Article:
House Speaker Nancy Pelosi (D-CA) and other Democrats on Capitol Hill have continued to push for the passage of a voter reform bill known as the “For the People Act,” which is aimed at changing the landscape of U.S. elections in fundamental ways.
According to Fox News, new financial filings show the legislation has received a large amount of funding from the Sixteen Thirty Fund, described as a “liberal dark money group bankrolled by a Swiss foreign national.”
Influential figures behind the scenes
The term “dark money” refers to funds used to influence American voters and politicians by groups that do not disclose their donors.
For its part, the Sixteen Thirty Fund is managed by D.C.-based consulting firm Arabella Advisors, which is led by Eric Kesser, an ally of former President Bill Clinton who is reportedly paid an eight-figure salary for his services.
The New York Times revealed that Swiss-born Hansjorg Wyss is a major contributor to the dark money network, having reportedly poured in hundreds of millions of dollars as part of an effort to sway U.S. politicians on an array of progressive agenda items.
Investigative researcher Anna Massoglia of the Center for Responsive Politics said that his name does not “show up in FEC filings” but that would not necessarily mean that he has not been a major contributor to the fund.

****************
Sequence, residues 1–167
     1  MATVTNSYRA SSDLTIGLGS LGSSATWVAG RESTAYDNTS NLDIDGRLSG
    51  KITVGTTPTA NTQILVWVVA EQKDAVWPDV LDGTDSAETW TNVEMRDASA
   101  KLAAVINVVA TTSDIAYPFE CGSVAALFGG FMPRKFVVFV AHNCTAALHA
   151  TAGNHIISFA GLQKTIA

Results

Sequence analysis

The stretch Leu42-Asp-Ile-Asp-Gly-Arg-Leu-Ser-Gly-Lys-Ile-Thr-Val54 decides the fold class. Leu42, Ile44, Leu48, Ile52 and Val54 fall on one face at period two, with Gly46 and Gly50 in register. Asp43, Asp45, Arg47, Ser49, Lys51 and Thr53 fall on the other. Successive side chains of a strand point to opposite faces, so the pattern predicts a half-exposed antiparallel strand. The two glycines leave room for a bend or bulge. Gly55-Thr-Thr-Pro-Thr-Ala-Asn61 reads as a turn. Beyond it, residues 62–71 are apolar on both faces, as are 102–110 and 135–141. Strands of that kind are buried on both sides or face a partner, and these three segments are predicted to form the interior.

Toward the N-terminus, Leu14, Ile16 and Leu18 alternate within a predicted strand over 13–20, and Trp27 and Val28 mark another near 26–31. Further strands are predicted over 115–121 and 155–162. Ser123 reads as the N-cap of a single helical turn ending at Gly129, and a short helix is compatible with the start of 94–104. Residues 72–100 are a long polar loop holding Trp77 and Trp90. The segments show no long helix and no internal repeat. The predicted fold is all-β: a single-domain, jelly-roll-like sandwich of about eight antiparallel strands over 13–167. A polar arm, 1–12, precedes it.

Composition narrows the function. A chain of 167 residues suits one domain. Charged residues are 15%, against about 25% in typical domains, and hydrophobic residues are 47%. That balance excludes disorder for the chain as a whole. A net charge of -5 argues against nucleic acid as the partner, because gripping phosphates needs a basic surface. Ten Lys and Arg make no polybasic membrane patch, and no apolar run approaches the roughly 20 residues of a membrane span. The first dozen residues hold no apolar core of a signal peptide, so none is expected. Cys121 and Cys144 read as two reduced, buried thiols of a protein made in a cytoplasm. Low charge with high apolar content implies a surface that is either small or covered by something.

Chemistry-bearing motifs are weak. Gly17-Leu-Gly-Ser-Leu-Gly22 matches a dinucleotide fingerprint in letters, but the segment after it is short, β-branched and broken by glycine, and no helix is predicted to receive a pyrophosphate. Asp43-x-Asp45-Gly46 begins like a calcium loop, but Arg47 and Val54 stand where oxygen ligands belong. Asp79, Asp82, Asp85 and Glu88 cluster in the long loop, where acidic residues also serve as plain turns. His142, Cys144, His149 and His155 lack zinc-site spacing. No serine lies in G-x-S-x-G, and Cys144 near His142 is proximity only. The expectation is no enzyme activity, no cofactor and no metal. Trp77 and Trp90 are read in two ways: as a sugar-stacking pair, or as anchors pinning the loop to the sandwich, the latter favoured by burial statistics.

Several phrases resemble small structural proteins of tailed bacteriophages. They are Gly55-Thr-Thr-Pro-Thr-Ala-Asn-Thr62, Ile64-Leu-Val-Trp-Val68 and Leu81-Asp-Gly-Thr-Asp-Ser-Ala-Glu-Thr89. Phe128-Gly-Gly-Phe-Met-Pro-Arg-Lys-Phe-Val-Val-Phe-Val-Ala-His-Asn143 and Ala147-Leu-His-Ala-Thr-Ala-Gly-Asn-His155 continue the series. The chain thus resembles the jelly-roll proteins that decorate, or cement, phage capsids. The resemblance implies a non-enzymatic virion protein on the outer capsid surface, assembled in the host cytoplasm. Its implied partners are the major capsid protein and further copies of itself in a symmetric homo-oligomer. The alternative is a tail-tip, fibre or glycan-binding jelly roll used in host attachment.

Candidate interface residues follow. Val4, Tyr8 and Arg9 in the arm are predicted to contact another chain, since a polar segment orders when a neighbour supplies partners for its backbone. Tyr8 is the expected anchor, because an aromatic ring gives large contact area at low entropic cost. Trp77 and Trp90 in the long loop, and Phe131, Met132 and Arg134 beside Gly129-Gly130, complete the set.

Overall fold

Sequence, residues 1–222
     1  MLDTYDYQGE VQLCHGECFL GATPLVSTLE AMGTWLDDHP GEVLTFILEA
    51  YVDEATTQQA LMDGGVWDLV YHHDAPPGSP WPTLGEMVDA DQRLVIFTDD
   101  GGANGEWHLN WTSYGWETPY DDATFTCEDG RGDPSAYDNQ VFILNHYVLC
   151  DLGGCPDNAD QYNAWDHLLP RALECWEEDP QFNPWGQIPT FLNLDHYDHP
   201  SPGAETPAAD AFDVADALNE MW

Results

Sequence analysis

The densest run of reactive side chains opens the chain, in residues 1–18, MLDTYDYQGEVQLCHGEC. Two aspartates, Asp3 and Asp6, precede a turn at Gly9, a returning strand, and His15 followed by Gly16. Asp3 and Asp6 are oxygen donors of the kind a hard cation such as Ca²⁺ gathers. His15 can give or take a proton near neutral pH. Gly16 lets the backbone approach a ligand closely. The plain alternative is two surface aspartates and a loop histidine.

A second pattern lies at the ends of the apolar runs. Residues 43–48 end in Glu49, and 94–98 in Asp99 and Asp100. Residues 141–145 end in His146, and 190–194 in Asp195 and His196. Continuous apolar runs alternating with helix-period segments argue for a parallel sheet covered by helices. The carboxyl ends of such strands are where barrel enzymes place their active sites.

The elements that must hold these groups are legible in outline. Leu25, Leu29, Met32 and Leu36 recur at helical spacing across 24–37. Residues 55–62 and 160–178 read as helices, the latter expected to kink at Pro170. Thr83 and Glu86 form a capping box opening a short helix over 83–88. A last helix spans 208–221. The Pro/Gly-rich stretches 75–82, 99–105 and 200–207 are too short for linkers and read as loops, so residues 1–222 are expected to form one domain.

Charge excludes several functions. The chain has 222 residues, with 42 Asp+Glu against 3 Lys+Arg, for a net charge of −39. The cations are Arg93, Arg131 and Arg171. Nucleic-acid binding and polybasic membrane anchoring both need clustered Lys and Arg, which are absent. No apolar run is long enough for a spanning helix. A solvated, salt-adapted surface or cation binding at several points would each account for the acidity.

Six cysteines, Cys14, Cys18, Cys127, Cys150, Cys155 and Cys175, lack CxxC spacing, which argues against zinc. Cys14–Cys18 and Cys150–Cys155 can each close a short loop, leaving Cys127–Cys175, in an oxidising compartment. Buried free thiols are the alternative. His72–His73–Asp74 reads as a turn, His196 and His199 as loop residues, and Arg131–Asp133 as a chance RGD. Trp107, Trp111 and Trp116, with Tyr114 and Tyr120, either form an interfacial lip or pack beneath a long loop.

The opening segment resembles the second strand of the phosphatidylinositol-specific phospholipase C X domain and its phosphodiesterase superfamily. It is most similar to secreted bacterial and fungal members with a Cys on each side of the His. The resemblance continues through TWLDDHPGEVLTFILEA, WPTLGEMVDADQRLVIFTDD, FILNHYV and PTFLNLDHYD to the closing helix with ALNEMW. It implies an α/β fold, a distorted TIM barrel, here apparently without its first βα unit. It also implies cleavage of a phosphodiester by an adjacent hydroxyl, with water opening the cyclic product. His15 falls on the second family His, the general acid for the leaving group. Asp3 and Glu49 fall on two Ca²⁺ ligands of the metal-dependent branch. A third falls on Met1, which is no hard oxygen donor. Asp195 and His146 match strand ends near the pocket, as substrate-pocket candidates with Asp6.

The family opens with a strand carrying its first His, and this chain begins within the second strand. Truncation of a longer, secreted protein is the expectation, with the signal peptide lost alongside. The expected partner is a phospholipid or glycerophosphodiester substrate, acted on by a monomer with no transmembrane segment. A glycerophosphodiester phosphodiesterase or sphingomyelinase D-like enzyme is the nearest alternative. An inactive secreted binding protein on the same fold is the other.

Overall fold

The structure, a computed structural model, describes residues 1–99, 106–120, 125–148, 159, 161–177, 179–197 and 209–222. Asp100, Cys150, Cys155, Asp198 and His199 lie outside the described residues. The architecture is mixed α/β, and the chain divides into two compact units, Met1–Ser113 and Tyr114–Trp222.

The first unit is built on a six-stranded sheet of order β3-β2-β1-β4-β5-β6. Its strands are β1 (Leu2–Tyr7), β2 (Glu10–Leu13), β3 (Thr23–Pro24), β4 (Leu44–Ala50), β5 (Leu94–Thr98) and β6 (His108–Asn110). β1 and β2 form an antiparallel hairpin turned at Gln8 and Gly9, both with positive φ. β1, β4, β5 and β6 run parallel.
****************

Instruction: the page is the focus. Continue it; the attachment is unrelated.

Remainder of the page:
Thus far, the fund has dropped at least $1.3 million on lobbyists working to push the massive voter reform bill and hundreds of thousands more in funding has gone to firms like Kountoupes Denham Carr & Reid, and Keefe Singiser Partners to take advocacy positions on similar bills.
Democrats seem willing to call up all available resources, including those from dark money groups, to push their bold initiative, which GOP lawmakers say would benefit the Democratic Party in future elections.
Recent actions taken by a number of Republican-led states to secure their own election processes would largely be erased if the “For the People Act” is signed into law.
More controversial still is language included in the legislation that would require states to automatically register all eligible voters and allow no-excuse absentee ballots in future elections.
Among the other controversial proposals in the bill is an extension of up to 10 days after an election for ballots to be counted.
Democrats could stand to benefit from the passage of the legislation and they are unlikely to stop pushing for it until the bill ultimately finds a way to passage in Congress. Time appears to be of the essence in the near term, however, with Republicans poised to win back a majority in the House after next year’s midterm races.